Vol. 51, No. 2 • January 2014 • .pdf version
• Kirk Wessler: Let officials explain themselves
• Joe Mitch: SiriusXM, CBSSports.com are partners
• Dana O'Neil: Patience will prevail over pontification
• Ed Graney: As always, tough choices abound
• Jerardi, Lapides, Norwood are Hall of Famers
• Record-setting number of entries in best-writing contest
• Lodge Notes: Gould leaves Sun-Times

Dana O'Neil

A prediction: Patience will prevail over pontification

USBWA First Vice-President

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We are paid to predict and more frequently, to make snap decisions and then bold statements off these snap decisions. The first part, the peak into the crystal ball, is usually fun and harmless. It's the second one that gives me pause.

Right about now, no one is any good in college basketball. Or at least that's the general consensus on the journalistic barometer that is Twitter. Kentucky, Kansas, Michigan State, Duke, all of these teams we were salivating over and more, all of these freshmen we couldn't wait to see play, are at best, vastly overrated and at worst, flat-out horrible.

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Mostly because they had the audacity to lose once or, in some cases, twice; and mostly because that's what we do. We hop to Twitter or to our laptops and say,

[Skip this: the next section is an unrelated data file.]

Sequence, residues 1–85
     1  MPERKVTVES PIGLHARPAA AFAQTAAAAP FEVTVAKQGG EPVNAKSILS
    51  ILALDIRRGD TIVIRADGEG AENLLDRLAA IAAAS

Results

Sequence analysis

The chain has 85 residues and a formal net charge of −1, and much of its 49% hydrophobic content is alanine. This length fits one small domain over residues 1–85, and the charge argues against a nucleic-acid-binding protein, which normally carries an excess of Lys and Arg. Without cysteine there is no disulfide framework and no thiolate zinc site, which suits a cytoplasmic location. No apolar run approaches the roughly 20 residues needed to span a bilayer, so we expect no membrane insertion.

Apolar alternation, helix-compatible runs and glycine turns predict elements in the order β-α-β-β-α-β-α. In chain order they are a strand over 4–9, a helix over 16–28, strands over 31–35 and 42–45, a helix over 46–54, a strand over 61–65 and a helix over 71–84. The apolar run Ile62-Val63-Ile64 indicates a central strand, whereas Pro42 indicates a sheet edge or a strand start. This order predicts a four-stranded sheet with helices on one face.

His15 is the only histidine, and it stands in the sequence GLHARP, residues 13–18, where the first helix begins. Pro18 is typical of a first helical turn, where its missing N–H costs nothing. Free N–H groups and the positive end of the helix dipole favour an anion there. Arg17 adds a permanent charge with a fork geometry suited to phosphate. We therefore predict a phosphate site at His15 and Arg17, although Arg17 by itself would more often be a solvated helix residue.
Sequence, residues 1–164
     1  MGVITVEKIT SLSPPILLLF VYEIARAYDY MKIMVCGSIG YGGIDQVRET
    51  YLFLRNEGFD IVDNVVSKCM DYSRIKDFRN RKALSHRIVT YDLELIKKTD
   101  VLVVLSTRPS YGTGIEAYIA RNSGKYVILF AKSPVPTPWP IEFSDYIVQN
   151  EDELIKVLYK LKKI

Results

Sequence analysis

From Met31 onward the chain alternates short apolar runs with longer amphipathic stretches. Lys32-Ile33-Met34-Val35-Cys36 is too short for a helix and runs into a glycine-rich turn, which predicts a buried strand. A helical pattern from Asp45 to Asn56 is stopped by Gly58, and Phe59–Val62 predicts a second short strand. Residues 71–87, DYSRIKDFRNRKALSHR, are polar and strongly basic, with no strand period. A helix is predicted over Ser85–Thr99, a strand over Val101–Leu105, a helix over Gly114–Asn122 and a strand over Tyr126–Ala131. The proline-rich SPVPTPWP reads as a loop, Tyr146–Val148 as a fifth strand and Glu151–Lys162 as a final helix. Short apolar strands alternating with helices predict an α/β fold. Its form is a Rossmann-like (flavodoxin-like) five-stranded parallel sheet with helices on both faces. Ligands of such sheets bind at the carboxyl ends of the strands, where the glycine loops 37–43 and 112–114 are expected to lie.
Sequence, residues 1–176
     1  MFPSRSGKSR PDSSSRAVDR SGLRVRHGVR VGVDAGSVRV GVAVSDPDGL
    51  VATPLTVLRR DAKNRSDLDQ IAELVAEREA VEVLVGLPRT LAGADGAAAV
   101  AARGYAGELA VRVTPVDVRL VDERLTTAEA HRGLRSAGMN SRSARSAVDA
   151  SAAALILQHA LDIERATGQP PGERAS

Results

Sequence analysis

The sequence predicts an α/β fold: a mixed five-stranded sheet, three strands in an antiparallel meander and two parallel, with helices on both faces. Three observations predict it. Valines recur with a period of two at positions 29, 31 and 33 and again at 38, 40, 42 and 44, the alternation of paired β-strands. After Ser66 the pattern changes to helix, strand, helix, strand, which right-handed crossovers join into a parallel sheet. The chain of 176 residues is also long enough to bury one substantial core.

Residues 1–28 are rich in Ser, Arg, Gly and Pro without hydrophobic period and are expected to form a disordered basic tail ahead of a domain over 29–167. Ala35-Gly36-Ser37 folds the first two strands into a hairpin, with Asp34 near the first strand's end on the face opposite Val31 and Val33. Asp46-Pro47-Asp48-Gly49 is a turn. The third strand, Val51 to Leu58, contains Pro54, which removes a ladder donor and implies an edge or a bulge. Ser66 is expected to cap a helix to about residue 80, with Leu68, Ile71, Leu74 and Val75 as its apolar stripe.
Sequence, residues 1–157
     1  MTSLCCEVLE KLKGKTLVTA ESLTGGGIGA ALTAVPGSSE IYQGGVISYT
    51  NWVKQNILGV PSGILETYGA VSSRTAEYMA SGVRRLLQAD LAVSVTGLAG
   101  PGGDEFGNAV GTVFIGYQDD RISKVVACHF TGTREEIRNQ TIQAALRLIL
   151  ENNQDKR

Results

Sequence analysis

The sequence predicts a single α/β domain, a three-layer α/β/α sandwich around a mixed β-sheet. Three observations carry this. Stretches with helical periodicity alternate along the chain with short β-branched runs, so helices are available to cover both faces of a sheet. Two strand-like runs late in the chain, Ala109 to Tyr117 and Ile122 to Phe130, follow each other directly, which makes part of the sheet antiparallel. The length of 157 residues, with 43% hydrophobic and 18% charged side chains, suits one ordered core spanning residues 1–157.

"School X has no chance of making the Final Four," and "Player Y will be lucky to be a first-round draft pick" or "Coach Z needs to be fired."

All before Dec. 15.

I'm not preaching from an ivory tower here. I'm as guilty of pontificating from a pulpit as anyone else. But I'm determined to try and stop. In fact, along with eating well (postgame wings and libation at midnight check some critical food group, I'm certain), my New Year's resolution is to actually allow the season to play out before I declare anyone out, dead, awful, or overrated.

It will not be easy. Readers and followers like bombast and pronouncements. I can already see the virtual eye rolls when I answer the typical chat question of "Can (insert team name here) improve enough to make it to the Final Four/tourney/conference title" with a, "We'll have to see …" I will be no better than the Nuke LaLoosh of sportswriters, spouting off tired clichιs that have no meaning.

Ah well. It's worth it. I'll be glad to offer my predictions with a disclaimer that it's merely that, but anything more will be out of bounds.

Feel free to call me boring, but I prefer to call it patient (and anyone who knows me even a little bit knows that's not a word often associated with me, so this is a huge New Year's leap).

I'm going to see what happens before I declare what will happen. I'm going to watch for who emerges over four months before I decide who won't in two.

In other words, I'm going to enjoy the season as it unfolds, before I decide how it will end.

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